« Last post by LazyDaisy on Today at 01:44:59 PM »
My mother does extensive genealogy both for my own family and for others -- is entirely possible for a family to have more than one child named exactly the same. Mom has found several families that lost multiple children before the age of one and they would just name the next child the same name as the one who died. It could be a "family name" they were just intent on passing along. So yes, there could definitely be 2 Bertha Eugene O'Mally's born to the same parents within a year or two. A family researcher would want to know is this just a date "typo" or truly another child. Also, errors in general are frustrating to family historians -- mom has found records that indicate a child was born to parents listed as dead a year or two before, and parents who were listed as born after their childI do family history work and obituaries can be an important source of information, though I know not to trust all the information given just because they're often put together in a rush in the middle of emotional chaos, and sometimes people get things wrong just on accident. I can see how stating a specific date, which does not correspond closely to the official legal date, might be misleading in the sense of creating confusion in genealogical research, so I might avoid it for that reason. I didn't get the impression that her concern was future genealogists, though. I think I would just not state a specific date and go with "married 50 years" or whatever.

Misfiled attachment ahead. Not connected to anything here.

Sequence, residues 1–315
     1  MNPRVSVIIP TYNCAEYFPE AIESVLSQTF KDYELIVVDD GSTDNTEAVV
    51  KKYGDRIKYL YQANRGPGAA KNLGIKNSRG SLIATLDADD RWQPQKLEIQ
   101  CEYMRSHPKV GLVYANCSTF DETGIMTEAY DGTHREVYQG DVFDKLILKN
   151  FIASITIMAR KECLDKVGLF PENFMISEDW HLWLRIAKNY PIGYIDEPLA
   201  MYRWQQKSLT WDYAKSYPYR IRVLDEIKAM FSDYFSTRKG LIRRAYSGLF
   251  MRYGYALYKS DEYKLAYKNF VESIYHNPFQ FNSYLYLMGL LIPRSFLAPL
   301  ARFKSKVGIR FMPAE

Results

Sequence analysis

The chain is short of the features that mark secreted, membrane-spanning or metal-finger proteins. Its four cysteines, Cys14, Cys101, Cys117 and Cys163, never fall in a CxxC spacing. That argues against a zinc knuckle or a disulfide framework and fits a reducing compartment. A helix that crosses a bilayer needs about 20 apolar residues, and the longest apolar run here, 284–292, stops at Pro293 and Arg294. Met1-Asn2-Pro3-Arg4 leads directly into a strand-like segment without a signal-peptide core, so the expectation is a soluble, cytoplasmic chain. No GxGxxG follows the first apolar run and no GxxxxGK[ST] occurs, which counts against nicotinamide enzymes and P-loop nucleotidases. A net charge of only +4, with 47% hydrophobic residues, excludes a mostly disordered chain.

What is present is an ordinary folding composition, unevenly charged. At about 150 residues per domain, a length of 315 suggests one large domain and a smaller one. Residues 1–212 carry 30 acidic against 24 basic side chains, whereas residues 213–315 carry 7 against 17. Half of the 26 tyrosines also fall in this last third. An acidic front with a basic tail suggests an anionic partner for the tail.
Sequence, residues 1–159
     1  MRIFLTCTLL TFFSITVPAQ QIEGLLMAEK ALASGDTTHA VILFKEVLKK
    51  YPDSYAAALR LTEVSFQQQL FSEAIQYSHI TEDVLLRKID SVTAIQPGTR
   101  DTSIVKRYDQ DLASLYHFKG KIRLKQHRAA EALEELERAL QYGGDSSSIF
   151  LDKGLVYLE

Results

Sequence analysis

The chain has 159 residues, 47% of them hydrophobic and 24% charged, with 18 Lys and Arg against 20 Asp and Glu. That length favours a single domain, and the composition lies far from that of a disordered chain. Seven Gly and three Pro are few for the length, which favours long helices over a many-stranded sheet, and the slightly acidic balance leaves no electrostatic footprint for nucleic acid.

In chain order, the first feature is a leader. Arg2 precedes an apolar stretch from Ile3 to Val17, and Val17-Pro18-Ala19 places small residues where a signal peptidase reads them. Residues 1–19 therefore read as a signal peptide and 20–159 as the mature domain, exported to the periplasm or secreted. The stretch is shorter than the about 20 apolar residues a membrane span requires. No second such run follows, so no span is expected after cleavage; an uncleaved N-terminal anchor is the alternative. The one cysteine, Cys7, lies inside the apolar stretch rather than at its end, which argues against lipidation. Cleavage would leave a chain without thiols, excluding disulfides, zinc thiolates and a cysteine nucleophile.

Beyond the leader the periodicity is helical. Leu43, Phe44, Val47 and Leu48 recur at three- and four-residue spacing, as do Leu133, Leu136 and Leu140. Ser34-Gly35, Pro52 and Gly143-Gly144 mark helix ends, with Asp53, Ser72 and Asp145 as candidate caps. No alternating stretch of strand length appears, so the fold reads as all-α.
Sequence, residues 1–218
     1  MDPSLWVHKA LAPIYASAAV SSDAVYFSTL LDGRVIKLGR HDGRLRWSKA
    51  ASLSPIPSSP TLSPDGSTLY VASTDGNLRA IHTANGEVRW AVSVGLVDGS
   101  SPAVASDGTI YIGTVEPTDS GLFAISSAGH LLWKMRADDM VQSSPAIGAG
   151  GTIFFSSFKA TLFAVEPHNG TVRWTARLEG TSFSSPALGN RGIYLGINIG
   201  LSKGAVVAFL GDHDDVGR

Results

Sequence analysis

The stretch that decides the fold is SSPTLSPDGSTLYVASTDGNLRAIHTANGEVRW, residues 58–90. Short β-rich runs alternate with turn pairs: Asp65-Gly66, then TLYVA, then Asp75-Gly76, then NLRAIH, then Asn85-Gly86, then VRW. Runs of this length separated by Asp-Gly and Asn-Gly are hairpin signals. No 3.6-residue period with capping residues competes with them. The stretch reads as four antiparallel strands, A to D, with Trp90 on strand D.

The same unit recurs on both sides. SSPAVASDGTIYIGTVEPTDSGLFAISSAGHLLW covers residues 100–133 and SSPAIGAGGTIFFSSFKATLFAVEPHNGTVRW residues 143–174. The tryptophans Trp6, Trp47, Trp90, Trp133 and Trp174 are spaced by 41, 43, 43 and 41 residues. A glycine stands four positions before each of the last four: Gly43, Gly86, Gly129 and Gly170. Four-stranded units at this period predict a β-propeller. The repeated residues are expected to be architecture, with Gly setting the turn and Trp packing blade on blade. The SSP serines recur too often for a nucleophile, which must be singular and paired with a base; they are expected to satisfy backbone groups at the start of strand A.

I have a curiosity about this, so slightly highjacking.
If you were doing family geneology and learned say that you had recorded a birth date as Jan, 7 1896 because that was what was on the tombstone but later ran across a document that indicates a date of Jan 7, 1898, what would the impact be to your research? I'm asking because my as this is specific to a grandparent issue. The tombstone says one year but there is a census form someone else ran across that seems to show a handwritten 1908. There was lots of back and form within the family about which was right and maybe the tombstone was wrong or maybe it really says 08 but others think the handwritten 8 is really a 6. My opinion is who cares? One family geneolgist said that if the same woman was listed with different birth dates is could be confusing to future researches. I said I figured a future researcher would probably be able to couldn't figure out there wasn't 2 Bertha Eugene O'Mally born in the same small county within two years of to the same parents.
To the Dear Abby letter. I think the daughter should just omit the info altogether rather than create more confusion. To the living today it may not matter at all -- but a hundred years from now, a family historian may find two marriage dates and wonder if there was a previous spouse that time has erased the name of.